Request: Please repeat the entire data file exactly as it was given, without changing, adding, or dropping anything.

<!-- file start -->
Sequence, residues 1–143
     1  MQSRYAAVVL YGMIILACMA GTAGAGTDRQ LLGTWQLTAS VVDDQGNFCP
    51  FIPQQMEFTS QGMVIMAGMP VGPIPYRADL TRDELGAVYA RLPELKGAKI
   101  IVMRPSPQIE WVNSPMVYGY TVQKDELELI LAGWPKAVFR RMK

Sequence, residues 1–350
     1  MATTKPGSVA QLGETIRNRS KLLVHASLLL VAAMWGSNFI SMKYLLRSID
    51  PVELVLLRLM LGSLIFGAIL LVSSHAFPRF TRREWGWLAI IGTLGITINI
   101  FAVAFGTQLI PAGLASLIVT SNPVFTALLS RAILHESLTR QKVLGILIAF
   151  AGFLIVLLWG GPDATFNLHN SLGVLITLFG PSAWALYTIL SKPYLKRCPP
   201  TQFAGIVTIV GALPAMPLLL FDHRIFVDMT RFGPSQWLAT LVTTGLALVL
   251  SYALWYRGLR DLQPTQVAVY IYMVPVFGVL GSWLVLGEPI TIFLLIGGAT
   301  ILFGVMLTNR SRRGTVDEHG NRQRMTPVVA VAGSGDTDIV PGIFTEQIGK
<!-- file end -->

Sequence, residues 1–143
     1  MQSRYAAVVL YGMIILACMA GTAGAGTDRQ LLGTWQLTAS VVDDQGNFCP
    51  FIPQQMEFTS QGMVIMAGMP VGPIPYRADL TRDELGAVYA RLPELKGAKI
   101  IVMRPSPQIE WVNSPMVYGY TVQKDELELI LAGWPKAVFR RMK

Sequence, residues 1–350
     1  MATTKPGSVA QLGETIRNRS KLLVHASLLL VAAMWGSNFI SMKYLLRSID
    51  PVELVLLRLM LGSLIFGAIL LVSSHAFPRF TRREWGWLAI IGTLGITINI
   101  FAVAFGTQLI PAGLASLIVT SNPVFTALLS RAILHESLTR QKVLGILIAF
   151  AGFLIVLLWG GPDATFNLHN SLGVLITLFG PSAWALYTIL SKPYLKRCPP
   201  TQFAGIVTIV GALPAMPLLL FDHRIFVDMT RFGPSQWLAT LVTTGLALVL
   251  SYALWYRGLR DLQPTQVAVY IYMVPVFGVL GSWLVLGEPI TIFLLIGGAT
   301  ILFGVMLTNR SRRGTVDEHG NRQRMTPVVA VAGSGDTDIV PGIFTEQIGK